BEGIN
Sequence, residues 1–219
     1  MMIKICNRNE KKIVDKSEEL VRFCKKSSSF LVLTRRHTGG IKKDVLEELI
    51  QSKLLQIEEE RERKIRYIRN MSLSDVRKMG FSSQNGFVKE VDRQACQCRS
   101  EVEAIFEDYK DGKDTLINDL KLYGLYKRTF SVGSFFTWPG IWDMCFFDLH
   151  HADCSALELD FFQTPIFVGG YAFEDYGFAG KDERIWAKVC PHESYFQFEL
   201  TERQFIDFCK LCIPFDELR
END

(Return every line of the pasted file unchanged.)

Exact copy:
Sequence, residues 1–219
     1  MMIKICNRNE KKIVDKSEEL VRFCKKSSSF LVLTRRHTGG IKKDVLEELI
    51  QSKLLQIEEE RERKIRYIRN MSLSDVRKMG FSSQNGFVKE VDRQACQCRS
   101  EVEAIFEDYK DGKDTLINDL KLYGLYKRTF SVGSFFTWPG IWDMCFFDLH
   151  HADCSALELD FFQTPIFVGG YAFEDYGFAG KDERIWAKVC PHESYFQFEL
   201  TERQFIDFCK LCIPFDELR